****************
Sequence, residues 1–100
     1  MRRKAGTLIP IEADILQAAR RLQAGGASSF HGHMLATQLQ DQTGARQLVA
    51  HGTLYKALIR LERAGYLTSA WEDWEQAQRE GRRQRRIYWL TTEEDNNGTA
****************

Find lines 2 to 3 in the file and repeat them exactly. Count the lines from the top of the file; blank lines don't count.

     1  MRRKAGTLIP IEADILQAAR RLQAGGASSF HGHMLATQLQ DQTGARQLVA
    51  HGTLYKALIR LERAGYLTSA WEDWEQAQRE GRRQRRIYWL TTEEDNNGTA